Each of the withdrawals appeared on the bank statements. However, the bank statements were mailed to Beshai and Boutros was not aware of these transactions.
Boutros returned to the United States in September 1977 and requested Riggs to forward all future statements to his son-in-law, who then lived in New Jersey. When the next statement was received on October 3, 1977, Boutros noticed the withdrawals and promptly contacted Riggs, asserting that the withdrawals had not been authorized. Riggs refused to credit his account for the money paid over to Beshai and this suit resulted.
The jury returned a verdict for Boutros in the amount of $21,000. Judge Pratt, however, granted judgment n.o.v. to Riggs, finding, at Riggs' urging, that the evidence conclusively established that Beshai was authorized to withdraw funds from Boutros' account and that therefore the Uniform Fiduciaries Act insulated Riggs from liability. Alternatively, the trial court rested its decision upon its finding that plaintiff had been negligent in failing to inspect his bank statements, precluding his recovery.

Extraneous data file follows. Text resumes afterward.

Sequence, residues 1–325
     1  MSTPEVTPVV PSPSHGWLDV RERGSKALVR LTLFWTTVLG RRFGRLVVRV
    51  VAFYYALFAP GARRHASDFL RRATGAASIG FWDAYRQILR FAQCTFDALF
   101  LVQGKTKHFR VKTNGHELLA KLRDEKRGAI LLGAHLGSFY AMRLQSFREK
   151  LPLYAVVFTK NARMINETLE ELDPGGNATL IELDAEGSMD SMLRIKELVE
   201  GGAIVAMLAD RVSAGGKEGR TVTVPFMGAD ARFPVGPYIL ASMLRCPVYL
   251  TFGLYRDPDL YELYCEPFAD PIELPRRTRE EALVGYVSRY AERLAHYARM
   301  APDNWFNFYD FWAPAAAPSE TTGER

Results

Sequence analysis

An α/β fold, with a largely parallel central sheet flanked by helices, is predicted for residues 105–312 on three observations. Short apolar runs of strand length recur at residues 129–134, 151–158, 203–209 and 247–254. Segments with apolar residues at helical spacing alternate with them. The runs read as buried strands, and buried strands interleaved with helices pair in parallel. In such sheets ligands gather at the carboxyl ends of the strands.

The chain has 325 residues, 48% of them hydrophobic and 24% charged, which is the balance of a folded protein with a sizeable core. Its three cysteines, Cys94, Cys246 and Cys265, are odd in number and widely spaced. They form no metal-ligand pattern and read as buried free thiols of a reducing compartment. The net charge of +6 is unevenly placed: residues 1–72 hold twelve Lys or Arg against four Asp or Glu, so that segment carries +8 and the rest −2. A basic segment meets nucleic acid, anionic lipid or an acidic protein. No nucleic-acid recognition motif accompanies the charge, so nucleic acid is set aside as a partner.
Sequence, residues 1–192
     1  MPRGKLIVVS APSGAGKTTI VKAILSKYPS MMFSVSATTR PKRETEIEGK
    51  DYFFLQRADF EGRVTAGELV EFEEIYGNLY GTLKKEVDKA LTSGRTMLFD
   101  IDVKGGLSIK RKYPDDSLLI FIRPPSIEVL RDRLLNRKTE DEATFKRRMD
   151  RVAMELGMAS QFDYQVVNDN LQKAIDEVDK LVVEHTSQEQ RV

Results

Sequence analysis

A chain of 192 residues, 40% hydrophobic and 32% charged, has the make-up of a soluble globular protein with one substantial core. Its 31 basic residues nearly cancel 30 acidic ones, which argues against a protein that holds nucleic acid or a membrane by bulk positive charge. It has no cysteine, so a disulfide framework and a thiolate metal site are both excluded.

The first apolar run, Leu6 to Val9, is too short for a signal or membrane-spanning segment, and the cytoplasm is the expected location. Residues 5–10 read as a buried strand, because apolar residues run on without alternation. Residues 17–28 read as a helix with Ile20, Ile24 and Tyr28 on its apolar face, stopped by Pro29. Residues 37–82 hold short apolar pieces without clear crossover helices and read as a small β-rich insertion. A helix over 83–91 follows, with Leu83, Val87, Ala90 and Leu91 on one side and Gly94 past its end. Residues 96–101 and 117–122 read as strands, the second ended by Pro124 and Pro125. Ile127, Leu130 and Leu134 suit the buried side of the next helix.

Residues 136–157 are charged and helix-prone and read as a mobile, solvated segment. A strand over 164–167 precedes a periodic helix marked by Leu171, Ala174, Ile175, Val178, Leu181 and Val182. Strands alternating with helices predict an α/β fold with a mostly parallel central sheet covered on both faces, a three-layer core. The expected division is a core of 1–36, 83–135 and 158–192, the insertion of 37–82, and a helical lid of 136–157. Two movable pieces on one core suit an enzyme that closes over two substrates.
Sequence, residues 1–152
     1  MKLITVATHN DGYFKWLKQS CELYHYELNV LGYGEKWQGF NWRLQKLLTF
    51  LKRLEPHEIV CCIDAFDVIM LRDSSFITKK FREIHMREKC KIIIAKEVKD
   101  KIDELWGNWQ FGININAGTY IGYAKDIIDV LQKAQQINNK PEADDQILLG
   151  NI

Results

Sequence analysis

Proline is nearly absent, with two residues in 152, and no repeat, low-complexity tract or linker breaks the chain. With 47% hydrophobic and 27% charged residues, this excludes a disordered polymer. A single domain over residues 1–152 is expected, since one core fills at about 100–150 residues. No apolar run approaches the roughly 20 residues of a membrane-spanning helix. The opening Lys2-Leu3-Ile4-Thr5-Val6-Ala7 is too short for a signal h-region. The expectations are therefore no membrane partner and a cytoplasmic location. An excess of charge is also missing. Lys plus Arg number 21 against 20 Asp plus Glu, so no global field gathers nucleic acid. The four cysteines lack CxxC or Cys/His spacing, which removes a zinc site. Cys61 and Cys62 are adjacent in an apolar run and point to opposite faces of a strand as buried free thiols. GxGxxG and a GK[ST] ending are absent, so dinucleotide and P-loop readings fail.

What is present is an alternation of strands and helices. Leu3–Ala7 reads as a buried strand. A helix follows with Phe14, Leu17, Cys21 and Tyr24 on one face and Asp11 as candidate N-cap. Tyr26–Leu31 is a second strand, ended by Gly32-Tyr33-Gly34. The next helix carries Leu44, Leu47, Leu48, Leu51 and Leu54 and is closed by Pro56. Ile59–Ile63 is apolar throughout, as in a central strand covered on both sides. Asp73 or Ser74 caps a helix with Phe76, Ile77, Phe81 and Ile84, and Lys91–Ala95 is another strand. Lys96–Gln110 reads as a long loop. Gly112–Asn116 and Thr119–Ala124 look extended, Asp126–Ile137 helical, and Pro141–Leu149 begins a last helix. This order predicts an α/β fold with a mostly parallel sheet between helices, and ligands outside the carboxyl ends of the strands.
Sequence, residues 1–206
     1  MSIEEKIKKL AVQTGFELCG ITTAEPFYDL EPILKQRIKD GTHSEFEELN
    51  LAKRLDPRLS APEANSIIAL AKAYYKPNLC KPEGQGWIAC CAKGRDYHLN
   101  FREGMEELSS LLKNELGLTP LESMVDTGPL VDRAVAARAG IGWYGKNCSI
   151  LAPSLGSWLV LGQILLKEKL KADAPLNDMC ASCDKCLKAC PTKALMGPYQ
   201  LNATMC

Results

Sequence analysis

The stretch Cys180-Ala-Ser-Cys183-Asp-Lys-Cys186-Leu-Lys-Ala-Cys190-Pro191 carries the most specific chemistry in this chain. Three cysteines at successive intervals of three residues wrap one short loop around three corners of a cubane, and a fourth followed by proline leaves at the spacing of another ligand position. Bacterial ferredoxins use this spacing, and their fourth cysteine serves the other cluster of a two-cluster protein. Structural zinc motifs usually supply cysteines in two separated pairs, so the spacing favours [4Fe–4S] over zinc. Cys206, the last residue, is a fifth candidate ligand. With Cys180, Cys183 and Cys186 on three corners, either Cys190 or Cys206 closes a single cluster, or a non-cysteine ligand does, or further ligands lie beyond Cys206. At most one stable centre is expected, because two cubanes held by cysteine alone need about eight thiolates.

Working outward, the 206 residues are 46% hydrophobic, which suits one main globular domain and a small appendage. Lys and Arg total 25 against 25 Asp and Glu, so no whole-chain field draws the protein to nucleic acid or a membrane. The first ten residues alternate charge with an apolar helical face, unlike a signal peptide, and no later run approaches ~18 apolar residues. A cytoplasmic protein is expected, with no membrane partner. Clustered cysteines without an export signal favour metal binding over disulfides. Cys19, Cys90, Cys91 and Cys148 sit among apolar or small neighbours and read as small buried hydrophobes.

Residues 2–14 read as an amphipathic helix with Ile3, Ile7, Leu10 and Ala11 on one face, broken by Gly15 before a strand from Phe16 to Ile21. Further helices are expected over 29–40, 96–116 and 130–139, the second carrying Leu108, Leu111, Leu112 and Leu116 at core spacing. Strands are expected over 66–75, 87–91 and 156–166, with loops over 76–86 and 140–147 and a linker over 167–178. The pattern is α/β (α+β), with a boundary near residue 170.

The Uniform Fiduciaries Act ("U.F.A.") § 2, codified at D.C.Code § 21-1702, upon which Riggs relies, provides in pertinent part:
A person who in good faith pays or transfers to a fiduciary money ... which the fiduciary as such is authorized to receive, is not responsible for the proper application thereof by the fiduciary....
The U.F.A. applies only "when one person honestly deals with another knowing him to be a fiduciary." (Emphasis supplied.) Johnson v. Citizens National Bank of Decatur, 30 Ill.App.3d 1066, 1069, 334 N.E.2d 295, 298 (1975). In the face of conflicting evidence, the question of whether the person is authorized to receive funds, and whether, in this case, Riggs "knew" of such authorization is best left to the trier of fact.